Batman dominated the Detective Comics series from the get go, and in the spring of 1940 he was awarded his own self-titled comic book series. From there his popularity flourished as his character continued to evolve.

By the dawn of the ’50s, Bruce Wayne was no longer a gun-touting gumshoe fighting members of the criminal underworld.

“There had been attacks on comic books as being dangerous for children,” explains LeClear. “So when you have such a successful character, things like the guns had to away early on. In the ’50s, the attacks on Batman and other comics really get up to a fever pitch, and it’s not surprising that during the censorship movement of the Comics Code Authority, suddenly he’s no longer chasing mobsters and villains; he’s going after space aliens or giant mechanical monsters and things like that.”

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More than just his formidable fighting skills and impressive collection of gadgets — predating James Bond’s Q Branch by decades — LeClear insists that Batman’s most valuable attribute is his mind, not his might.

“He fights crime, he’s a vigilante, and that’s always soothing and appealing to us to be able to take matters into our own hands, but it’s his brain that separates him. That’s why he becomes the leader. He’s in the Justice League, and he is surrounded by the most powerful beings that anyone has ever imagined, and they all defer to Batman because of the power of his brain.”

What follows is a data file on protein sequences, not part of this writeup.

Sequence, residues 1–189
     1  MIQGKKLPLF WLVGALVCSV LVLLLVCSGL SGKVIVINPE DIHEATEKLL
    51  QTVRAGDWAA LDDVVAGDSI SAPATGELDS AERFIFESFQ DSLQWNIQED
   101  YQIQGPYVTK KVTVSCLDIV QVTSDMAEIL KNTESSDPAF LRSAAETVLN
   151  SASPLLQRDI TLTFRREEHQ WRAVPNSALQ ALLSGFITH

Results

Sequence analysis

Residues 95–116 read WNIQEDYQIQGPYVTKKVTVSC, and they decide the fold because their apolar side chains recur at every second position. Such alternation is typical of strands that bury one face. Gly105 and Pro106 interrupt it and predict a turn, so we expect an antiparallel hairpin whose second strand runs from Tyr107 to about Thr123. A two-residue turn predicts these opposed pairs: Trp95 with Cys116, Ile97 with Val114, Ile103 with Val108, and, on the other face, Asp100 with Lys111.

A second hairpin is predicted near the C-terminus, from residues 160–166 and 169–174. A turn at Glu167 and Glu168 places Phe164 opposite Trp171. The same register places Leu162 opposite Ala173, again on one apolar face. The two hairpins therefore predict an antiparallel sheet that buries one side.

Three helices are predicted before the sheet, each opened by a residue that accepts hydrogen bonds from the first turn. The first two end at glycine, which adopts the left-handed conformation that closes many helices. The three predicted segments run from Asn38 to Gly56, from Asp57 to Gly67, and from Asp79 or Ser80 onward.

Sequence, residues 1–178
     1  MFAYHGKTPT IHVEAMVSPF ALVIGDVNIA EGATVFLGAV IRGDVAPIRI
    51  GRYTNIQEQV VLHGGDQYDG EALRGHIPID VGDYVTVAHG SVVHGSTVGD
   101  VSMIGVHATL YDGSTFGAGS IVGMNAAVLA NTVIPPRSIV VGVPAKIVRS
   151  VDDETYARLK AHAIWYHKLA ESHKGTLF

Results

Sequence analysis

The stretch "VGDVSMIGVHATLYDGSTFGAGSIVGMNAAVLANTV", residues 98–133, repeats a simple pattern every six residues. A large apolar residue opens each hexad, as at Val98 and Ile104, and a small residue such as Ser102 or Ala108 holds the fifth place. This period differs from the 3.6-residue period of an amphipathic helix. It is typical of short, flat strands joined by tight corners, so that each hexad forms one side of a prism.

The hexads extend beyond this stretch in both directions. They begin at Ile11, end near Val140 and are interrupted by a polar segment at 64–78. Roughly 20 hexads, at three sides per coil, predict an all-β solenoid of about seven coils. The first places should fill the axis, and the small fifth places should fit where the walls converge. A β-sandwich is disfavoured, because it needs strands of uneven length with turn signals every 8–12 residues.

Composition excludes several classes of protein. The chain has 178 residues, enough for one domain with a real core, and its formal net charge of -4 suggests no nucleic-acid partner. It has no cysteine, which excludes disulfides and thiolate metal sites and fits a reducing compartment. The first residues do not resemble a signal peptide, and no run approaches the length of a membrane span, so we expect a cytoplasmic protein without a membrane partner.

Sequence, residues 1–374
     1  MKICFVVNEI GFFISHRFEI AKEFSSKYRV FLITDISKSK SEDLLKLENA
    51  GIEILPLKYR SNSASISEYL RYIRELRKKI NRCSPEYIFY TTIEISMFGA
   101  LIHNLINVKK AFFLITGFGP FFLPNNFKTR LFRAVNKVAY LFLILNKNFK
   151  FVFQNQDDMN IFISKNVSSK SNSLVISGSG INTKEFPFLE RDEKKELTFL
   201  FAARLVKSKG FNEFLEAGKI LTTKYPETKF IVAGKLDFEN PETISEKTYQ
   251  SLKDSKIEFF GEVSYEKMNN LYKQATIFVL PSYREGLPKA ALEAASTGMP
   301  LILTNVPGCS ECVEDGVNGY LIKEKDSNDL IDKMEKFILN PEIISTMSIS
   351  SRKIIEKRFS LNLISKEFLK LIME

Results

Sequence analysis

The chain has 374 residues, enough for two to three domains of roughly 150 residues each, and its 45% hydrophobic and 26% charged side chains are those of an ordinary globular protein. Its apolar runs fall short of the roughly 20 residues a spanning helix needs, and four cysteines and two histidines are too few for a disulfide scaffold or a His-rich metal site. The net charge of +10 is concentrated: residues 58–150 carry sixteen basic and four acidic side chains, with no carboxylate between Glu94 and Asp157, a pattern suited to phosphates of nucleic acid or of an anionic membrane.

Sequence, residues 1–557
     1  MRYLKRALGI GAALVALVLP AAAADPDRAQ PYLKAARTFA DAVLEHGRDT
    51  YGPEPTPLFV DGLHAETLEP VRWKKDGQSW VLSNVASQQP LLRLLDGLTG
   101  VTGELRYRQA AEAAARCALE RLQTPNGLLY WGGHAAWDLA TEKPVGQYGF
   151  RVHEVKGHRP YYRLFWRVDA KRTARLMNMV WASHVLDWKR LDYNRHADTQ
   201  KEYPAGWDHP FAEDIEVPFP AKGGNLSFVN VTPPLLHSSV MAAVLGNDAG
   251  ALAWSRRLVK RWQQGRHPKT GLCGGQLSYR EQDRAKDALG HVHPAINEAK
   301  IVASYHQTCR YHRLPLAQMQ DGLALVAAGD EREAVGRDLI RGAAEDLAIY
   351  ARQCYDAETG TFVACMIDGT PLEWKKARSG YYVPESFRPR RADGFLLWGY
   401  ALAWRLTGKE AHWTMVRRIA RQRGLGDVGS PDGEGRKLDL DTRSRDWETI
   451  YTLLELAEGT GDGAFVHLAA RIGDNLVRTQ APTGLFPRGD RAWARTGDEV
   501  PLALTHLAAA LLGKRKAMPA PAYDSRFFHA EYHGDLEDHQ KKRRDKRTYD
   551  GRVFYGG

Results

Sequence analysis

Now entering his ninth decade, Batman has proven that he can withstand any foe, including the passage of time.

“I think the comics are a mirror on our society,” LeClear says. “There’s some really direct links, but sometimes you just see how people have reacted in time periods…He’s in so many different titles, graphic novels, but he’s also been on cartoon shows, and lunch-boxes, and toys. No matter what your medium is, whether it’s video games, whether it’s television, or movies — he’s there.”